Unlike technology, sometimes science fiction improves with age. Double Take is Popular Mechanics’ look back at sci-fi classics that have something prescient to say about today.
Four years ago, when Alex Garland’s instant sci-fi classic Ex Machina debuted, it dropped into a different era—the time before Cambridge Analytica, before Russian election trolling, before the catastrophic Equifax leak and too many others like it.
The world wasn’t naive, exactly. We’d spent decades knowing our personal data could be hacked, leaked, and abused by nefarious parties, of course. But back then, people tended to worry along individual lines, about a stolen identity or a maxed out account—not the data-driven mass manipulation that has been repeatedly uncovered over the past few years.
Ex Machina saw it coming. From a cursory watch, the movie plays as a classic AI apocalypse, rise-of-the-machines flick. But four very long years on, it’s easier to see what should’ve been clear all along. This is a movie about the weaponization of data. (Spoilers follow.)
If all you remember about the 2014 sci-fi movie is that it features one of the more unexpected dance scenes ever, here’s the quick recap of Ex Machina:
Caleb Smith (Domhnall Gleeson) is a programmer at a Google-esque company called Blue Book. After winning an internal lottery, he’s flown to a remote compound to meet Blue Book CEO Nathan Bateman (Oscar Isaac). Smith learns he’s going to be the human component of a Turing Test and is introduced to his robotic partner, Ava (Alicia Vikander), a humanoid robot powered by next-level AI.
As the movie unfolds, Smith and Ava bond during their one-on-one tests and Smith comes to abhor Bateman, whose drunken cruelty begins to outshine his genius. Smith eventually helps Ava escape, which results in her killing Bateman and locking Smith inside the compound in the process. The last shot of the film sees Ava wearing clothes and synthetic skin to obscure the electronics that had been exposed all film. She’s visually indistinguishable from a real human, on the crowded street of a city: a killer AI loose and incognito in the world of humans.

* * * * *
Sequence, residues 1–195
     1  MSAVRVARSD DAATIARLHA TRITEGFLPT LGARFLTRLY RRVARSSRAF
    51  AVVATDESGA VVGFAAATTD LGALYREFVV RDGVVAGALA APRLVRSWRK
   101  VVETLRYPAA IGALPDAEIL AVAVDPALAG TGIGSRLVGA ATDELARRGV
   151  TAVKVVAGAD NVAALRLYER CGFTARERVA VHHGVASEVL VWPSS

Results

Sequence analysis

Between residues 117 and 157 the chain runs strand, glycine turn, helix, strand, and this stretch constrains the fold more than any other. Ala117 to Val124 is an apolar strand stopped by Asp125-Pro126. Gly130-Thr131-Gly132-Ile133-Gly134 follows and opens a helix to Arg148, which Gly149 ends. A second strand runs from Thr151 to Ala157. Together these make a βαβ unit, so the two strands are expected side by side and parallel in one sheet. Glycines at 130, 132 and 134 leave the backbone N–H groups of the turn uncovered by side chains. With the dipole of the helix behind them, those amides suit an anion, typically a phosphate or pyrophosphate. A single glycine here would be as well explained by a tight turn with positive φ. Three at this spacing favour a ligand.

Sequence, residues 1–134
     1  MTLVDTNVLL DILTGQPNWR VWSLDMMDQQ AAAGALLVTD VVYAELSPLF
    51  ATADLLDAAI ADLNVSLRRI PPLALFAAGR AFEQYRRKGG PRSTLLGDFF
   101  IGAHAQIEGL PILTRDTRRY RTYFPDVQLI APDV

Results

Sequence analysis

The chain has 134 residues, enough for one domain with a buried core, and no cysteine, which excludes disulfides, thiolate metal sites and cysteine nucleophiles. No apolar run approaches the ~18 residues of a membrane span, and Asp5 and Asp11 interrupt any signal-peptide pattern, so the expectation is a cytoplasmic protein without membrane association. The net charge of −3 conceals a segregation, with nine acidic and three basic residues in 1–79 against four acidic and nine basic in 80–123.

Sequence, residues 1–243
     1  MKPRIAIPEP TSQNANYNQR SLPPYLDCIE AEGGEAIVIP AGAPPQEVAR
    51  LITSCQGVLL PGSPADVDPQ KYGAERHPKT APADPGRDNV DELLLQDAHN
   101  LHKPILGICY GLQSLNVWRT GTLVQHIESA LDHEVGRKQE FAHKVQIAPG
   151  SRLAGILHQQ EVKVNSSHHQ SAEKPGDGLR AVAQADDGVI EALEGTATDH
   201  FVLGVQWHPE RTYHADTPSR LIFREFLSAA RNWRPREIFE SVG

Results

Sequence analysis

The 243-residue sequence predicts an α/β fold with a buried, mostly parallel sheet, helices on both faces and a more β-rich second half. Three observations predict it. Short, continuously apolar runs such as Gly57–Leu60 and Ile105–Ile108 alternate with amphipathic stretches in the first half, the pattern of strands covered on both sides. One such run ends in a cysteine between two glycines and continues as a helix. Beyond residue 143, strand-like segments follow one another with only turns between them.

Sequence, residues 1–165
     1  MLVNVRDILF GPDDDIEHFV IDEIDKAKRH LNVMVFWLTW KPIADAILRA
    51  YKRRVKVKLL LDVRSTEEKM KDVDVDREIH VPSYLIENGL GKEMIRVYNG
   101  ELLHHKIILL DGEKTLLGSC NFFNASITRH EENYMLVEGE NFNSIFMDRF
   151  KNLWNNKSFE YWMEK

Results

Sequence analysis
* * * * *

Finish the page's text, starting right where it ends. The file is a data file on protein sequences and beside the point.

Looking back on the film now, it’s easier to see the deeper dread draped over Ava’s story. Before the movie even begins, Smith is already the victim of a data harvesting, his lottery “win” having actually been the product of extremely specific and invasive data-based targeting.
SMITH: And you didn’t select me because I’m good at coding.
BATEMAN: No. Well, no. I mean, you’re ok. You’re even pretty good, but—
SMITH: You selected me based on my search engine inputs.
BATEMAN: They showed a good kid.
SMITH: With no family.
BATEMAN: With a moral compass.
SMITH: With no girlfriend… Did you design Ava’s face based on my pornography profile?
This is no arbitrary gut punch either. It’s the payoff of a seed planted much earlier in the film. While Bateman is ostensibly Ava’s creator, she’s more of an amalgamation of data stolen from thousands. When Bateman reveals that Blue Book hacked the world’s cell phones to steal data for molding Ava, he gestures at an even large matrix of snooping someone of his stature would be privy to. “And all the manufacturers knew I was doing it, too,” he says. “But they couldn’t accuse me without admitting they were doing it themselves.”